Osteoporosis is a medical condition that makes your bones weak and fragile. Bones are living tissue that grows and replaces itself naturally. When you have osteoporosis, your body doesn’t generate enough new bone to replace the bone that is lost, resulting in brittle bones that can easily break.
Signs of weak bones due to osteoporosis include bone fracture, loss of height, and a stooped posture. Osteoporosis can make it very easy to suffer a bone fracture if you fall or even bend down. The most common areas of the body for osteoporosis damage are the hip, spine, and wrist.
Nathaniel Neal, MD, and his team at Valerius Medical Group & Research Center regularly diagnose and treat patients suffering from osteoporosis and bone loss. Learn your risk factors and find out if you may be suffering from bone loss. Taking a proactive approach to osteoporosis can help you stay healthy and continue enjoying the life you love. Here are the five leading risk factors for osteoporosis.
Women are much more likely to suffer osteoporosis than men. Women typically have lower bone mass throughout their lives than men, and low sex hormone levels can weaken your bones.
Women are particularly at-risk for developing osteoporosis during and after menopause. Menopause dramatically reduces estrogen levels in a woman’s body and this can speed bone loss. Men can also develop osteoporosis, but it’s not as common. As men age, they experience a gradual reduction in testosterone levels.
Your risk for osteoporosis increases after you reach age 50. The older you get, the more time your bones have to lose mass. When you’re in childhood and your teen years, your body generates more bone than it loses. As a result, your bone mass typically grows until you’re in your 20s. As you age, your bones begin to lose more mass than they create.
Race and ethnicity impacts your bone mass and in turn, your risk for osteoporosis. People that are Caucasian or Asian are more likely to develop osteoporosis. Caucasian and Asian women are the demographics that are at the greatest risk for osteoporosis. African Americans typically have higher bone mass and lower rates of osteoporosis.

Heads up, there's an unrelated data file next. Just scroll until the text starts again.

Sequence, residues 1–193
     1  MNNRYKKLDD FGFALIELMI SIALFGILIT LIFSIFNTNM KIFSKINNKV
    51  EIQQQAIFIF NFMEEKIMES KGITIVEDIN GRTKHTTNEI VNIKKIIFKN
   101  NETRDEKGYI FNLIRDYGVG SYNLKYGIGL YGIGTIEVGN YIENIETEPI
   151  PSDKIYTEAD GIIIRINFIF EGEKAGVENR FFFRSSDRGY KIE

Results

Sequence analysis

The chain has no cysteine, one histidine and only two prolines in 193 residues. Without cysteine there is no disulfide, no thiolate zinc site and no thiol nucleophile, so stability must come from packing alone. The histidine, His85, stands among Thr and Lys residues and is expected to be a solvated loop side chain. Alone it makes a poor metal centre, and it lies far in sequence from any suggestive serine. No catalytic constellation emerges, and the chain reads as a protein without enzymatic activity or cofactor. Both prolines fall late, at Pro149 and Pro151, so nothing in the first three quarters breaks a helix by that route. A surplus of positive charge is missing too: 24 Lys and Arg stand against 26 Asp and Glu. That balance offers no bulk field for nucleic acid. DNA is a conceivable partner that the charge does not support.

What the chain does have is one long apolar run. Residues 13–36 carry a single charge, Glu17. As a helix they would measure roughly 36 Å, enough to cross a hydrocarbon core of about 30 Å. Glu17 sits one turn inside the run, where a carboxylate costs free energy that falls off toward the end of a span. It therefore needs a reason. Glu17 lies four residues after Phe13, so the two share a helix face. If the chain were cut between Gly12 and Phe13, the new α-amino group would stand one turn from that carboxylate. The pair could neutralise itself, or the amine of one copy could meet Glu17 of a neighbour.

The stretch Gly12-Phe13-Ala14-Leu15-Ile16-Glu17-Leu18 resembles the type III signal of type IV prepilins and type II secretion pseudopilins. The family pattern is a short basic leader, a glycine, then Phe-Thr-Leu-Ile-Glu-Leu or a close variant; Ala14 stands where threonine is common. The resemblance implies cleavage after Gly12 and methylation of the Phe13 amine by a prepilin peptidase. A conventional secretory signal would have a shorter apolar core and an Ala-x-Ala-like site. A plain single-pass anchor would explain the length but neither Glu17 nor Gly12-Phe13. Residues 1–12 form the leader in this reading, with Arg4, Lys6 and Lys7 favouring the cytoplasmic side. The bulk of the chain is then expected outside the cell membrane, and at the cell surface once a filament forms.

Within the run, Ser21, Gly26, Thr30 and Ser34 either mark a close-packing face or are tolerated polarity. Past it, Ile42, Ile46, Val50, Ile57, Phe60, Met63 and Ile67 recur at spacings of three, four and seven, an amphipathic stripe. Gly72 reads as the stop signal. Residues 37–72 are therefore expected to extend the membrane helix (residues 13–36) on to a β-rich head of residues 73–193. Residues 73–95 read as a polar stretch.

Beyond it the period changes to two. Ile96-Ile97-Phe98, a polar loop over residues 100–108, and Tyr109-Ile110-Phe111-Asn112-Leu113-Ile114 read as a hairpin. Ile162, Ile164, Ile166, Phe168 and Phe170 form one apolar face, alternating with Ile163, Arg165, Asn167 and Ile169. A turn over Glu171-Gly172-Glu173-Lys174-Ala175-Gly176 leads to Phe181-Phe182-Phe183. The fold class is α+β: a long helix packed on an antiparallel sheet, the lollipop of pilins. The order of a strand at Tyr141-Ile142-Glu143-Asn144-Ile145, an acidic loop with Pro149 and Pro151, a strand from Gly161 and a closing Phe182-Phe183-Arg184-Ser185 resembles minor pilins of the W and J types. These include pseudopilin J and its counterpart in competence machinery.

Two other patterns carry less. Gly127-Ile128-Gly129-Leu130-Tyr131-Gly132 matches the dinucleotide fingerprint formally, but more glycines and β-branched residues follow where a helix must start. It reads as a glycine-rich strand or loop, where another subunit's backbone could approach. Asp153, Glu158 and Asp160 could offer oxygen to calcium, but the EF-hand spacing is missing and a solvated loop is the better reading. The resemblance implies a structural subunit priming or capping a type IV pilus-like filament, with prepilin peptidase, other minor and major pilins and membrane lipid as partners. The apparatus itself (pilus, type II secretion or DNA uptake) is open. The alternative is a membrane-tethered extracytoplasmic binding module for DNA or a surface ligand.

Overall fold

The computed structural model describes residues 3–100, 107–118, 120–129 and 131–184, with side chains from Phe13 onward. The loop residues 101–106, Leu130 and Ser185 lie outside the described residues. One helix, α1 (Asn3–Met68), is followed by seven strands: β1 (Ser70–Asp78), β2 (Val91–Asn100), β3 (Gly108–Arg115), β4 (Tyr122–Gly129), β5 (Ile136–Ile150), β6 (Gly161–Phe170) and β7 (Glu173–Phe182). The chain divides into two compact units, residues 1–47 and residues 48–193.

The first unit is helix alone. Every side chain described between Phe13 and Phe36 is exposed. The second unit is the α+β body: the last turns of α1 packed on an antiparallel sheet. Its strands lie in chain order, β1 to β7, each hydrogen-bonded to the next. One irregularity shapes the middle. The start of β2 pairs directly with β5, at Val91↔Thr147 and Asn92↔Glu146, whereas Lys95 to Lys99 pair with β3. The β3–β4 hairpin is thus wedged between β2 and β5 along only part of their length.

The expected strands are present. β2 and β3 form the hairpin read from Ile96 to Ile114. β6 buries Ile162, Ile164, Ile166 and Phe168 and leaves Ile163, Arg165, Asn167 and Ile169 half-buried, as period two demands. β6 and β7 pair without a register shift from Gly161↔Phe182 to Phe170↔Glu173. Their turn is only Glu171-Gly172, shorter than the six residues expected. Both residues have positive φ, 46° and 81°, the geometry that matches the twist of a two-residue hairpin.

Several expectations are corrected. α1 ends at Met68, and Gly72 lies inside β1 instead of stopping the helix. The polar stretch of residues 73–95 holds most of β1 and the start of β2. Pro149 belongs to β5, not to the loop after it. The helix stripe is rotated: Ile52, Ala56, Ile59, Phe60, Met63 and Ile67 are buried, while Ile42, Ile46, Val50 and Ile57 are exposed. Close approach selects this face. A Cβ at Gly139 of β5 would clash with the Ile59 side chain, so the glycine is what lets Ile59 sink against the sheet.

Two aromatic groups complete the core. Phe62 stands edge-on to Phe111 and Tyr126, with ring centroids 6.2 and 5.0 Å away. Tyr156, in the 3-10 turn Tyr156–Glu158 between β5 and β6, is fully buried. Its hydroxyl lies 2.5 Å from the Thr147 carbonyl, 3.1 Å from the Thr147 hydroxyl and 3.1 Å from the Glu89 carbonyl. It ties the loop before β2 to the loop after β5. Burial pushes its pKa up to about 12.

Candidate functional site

Small, thin people are more likely to have osteoporosis because they have less bone that people with larger frames. Both women and men with small frames and low body weights have smaller bones with less mass.
The larger your bones are, the more bone mass they have to support their structure. People with smaller bones are often more affected by bone loss because they have less bone to lose overall.
If a parent or grandparent had osteoporosis, you’re more likely to have it as well. If you have a parent or grandparent who had a hip fracture, that can also increase your risk.
Experiencing a broken bone may make your bones weaker. A common sign of bone loss is a fracture after a minor fall or doing something that wouldn’t typically result in a broken bone. Rheumatoid arthritis can increase your risk of getting osteoporosis. Rheumatoid arthritis is an autoimmune disease in which your body attacks itself and can increase bone loss.
Research also indicates that some lifestyle choices can put you at increased risk for developing osteoporosis. Living a sedentary lifestyle doesn’t stimulate bone growth, while smoking or drinking too much alcohol can damage your bones and make them more fragile.
Many risk factors of osteoporosis — like age, gender, and family history — are unavoidable. But, it’s important to understand your risk and talk to the team at Valerius Medical Group & Research Center about how you can keep your bones healthy.
Focusing on a healthy diet that delivers important vitamins and nutrients and participating in activities that promote strong bones can help you fight osteoporosis. To learn more about osteoporosis treatment, schedule your first appointment with us today.